The market reaction to a small dip in the iron ore price last week suggests a degree of uncertainty among investors.
Iron ore has been very good for investors over the past few years, but like all good things in life it’s never wise to assume that it will continue forever; which is why another old favourite in the commodities world – copper – is seen as the next star.
The hiccup in the iron ore market last week when the price fell a modest 2 per cent to around $US130 a tonne caused near-panic trading in Australian iron ore miners.
Fortescue Metals Group, for example, lost 13 per cent. BC Iron lost 10 per cent and Atlas Iron lost 18 per cent – falls that not only outpaced the iron ore price decline, but also signalled that investors expect worse in the weeks ahead.
Lower iron ore prices are highly likely over the next 12 months if only because of the tried-and-true formula that what goes up must eventually come down. The only question is how far it will fall; and while a collapse to $US70/t (which one gloomy analyst at the investment bank UBS was tipping last year) now seems unlikely, a retreat towards $US110/t is possible.
What happens when (rather than if) the iron ore price slides back to a new, and more sustainable level, is interesting because it is possible that some of the better iron ore miners will be ‘oversold’, creating a buying opportunity.
Last week’s reaction to a 2 per cent iron ore price correction was the equivalent of ringing a warning bell to remind investors many people are keen to take their profits off the iron ore table because they’re aware of the ‘what-goes-up …’ rule of investing.
But even as the iron ore sector reacts to uncertainty about future prices there is an interesting new player in the commodity space, with early indications copper could be the hot metal over the next few years.
First hint that a copper revival might be under way came with news from Beijing that the China State Grid, the government agency overseeing the country’s electricity system and world’s biggest single consumer of copper, was planning a major expansion drive this year.
Like all Chinese statistics the numbers are huge and could be rubbery – a warning that what’s planned might not be what actually happens.
As a guide, however, the official spending plans call for $US63 billion to be invested in the national electricity grid this year, which is about 20 per cent more than 2013 and will include a 6 per cent higher demand for electricity-carrying cable (generally made of copper).
Some investment bankers have interpreted the electricity system expansion plans as a sign that copper, and copper miners, should outperform iron ore miners in the year ahead.
Macquarie Bank has calculated that the rate of growth for copper in China, driven by infrastructure spending, will comfortably outstrip the rate of growth in demand for steel, with overall copper demand rising by around 7 per cent while steel demand achieves a more modest 4 per cent rate of growth.
The question from the Chinese metal-demand numbers is whether the rise of copper and the slide of steel is a sign that it might be time to rotate investment funds out of Australian iron ore producers and into copper miners.
On current trends a switch might not be a bad strategy.
Bad auto loans
SUPER low interest rates continue to cause abnormal investor behaviour, making it a near certainty that someone is going to get burned by the latest fad – bundled sub-prime car loans.
If such an investment opportunity had been offered before 2007, no-one would have raised an eyebrow.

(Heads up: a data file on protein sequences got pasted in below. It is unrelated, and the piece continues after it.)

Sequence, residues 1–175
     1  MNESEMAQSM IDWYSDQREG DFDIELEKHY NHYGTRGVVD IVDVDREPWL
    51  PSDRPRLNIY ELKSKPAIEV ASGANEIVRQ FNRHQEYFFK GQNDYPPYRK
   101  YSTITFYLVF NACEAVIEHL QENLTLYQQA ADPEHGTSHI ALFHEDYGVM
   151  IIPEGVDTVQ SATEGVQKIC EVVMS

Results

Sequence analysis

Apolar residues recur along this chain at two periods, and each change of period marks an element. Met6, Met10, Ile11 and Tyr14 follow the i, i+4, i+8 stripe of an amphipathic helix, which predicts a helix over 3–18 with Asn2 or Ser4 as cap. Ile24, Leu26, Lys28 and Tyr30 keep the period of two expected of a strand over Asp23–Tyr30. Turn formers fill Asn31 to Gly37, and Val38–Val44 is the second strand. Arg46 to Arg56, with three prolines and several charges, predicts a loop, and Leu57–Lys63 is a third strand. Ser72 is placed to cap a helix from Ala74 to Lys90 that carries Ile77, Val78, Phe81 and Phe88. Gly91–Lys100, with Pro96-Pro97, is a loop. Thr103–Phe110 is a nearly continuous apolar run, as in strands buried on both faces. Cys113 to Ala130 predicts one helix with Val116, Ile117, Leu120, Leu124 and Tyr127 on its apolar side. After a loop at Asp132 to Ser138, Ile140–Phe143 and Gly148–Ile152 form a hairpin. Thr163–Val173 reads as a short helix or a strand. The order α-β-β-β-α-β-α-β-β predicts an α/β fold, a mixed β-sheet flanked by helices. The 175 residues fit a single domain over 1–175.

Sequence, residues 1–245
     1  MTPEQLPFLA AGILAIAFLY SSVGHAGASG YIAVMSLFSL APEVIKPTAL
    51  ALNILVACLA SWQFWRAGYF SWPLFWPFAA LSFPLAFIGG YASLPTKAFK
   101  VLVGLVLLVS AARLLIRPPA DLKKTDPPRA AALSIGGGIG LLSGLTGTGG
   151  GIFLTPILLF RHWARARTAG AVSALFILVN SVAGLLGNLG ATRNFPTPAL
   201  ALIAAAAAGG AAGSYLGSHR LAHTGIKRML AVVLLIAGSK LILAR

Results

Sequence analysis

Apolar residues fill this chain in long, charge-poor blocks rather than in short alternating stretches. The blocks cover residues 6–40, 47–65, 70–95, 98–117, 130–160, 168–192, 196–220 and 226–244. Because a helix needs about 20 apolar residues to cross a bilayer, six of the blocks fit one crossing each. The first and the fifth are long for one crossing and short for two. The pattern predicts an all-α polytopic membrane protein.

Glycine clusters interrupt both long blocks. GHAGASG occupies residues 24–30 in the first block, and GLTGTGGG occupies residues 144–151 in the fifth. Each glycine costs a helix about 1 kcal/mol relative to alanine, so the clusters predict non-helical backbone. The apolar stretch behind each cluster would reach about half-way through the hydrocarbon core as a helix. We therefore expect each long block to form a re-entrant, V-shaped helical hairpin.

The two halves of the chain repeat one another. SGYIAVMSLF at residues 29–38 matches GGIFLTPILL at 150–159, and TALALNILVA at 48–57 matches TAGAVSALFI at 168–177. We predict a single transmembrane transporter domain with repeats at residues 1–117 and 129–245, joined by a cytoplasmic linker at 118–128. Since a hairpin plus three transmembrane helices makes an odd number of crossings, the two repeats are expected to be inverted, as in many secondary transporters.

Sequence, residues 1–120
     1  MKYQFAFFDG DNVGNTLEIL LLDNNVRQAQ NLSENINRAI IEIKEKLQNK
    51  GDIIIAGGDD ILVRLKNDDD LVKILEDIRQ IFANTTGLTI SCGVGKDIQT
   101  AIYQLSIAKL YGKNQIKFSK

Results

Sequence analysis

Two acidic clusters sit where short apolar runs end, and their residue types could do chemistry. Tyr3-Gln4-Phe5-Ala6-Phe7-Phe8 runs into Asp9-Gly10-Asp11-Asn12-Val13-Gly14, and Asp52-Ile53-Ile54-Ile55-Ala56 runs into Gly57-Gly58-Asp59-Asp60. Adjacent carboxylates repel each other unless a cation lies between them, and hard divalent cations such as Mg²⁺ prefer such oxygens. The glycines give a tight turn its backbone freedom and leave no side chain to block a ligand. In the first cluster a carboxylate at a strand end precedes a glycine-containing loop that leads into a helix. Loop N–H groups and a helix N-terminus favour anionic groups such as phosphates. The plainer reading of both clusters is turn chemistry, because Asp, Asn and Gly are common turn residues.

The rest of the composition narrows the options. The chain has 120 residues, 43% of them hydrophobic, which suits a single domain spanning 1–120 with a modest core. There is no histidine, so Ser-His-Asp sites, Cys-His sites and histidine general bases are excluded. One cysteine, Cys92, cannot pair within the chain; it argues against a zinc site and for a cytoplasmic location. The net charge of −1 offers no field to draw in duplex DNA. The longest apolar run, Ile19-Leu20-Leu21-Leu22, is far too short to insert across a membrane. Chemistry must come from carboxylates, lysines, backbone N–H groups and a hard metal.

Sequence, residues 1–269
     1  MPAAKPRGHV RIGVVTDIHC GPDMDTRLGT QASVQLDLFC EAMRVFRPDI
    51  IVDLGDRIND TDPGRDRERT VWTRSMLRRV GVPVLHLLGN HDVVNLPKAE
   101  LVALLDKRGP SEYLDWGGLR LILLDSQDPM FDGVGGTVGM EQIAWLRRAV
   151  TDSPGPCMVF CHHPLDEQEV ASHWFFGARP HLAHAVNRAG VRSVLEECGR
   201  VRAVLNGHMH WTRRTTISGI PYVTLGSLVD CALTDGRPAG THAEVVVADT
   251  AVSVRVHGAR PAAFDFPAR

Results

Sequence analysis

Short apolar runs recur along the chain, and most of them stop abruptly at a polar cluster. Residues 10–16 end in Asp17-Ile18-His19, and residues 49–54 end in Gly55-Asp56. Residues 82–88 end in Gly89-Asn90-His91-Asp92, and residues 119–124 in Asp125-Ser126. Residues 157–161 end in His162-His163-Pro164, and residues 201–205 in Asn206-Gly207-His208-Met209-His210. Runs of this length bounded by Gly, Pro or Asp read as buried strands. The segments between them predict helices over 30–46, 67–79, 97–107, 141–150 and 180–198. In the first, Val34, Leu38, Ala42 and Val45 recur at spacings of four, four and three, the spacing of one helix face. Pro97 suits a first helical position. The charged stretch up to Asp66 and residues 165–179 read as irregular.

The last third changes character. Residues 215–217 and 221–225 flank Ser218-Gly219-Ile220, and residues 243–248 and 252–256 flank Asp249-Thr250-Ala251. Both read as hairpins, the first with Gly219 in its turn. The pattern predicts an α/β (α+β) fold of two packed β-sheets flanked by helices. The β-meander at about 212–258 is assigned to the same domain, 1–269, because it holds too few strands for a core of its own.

But after the Lehmann Brothers collapse, triggered in part by sub-prime home mortgages and resulting in the GFC, the words ‘sub’ and ‘prime’ have been off the radar screen of all sensible investors.
That’s not the case in the US, however, with people who might be called not-so-sensible investing in packaged deals containing car loans made to high risk borrowers.
The appeal of sub-prime car deals, which involves a bank pooling a large number of the loans into a single package, is the interest rate on offer; this can be as high as 12 per cent, because some of the loans made to questionable car buyers are being charged at 20 per cent.
The theory behind sub-prime car loans is exactly the same as sub-prime mortgages – the game is all about averages. If 10 per cent or 20 per cent of loans default, the rest of the performing loans make up for the loss.
It’s a system that works in good times when most borrowers do not default, but is a disaster in bad times when bad loans are made to people who cannot or will not pay.
The appeal in the US is that bank deposits are generating miniscule returns of 1 per cent, and less, which makes 12 per cent from a sub-prime package offered by a big name bank almost irresistible – or so it seems.
Gold woes over?
IT was interesting to read last week that Newcrest Mining, Australia’s biggest gold miner, believes it is “leaner and wiser” after a horror year.
As far as most outsiders can see, the only part of that claim is that Newcrest did indeed suffer a horror year, not that its shareholders need reminding after a 72 per cent fall in the company’s share price from a high of $24.77 to a low of $6.96.
Management, which has overseen some truly dreadful decisions, reckons that all the bad news is out; but that view does not seem to take into account two more possible downhill lurches for all gold miners.
Firstly, there are not many forecasters who can see the gold price rising over the next 12 months. Some even believe the price will slip towards the $US1,000 an ounce mark.
Secondly, the lower the gold price goes the bigger the asset-value write-downs that all gold miners will be forced to make by their auditors.
There might well be a light at the end of the tunnel for Newcrest, but investors would be wise to check that it’s not an oncoming train.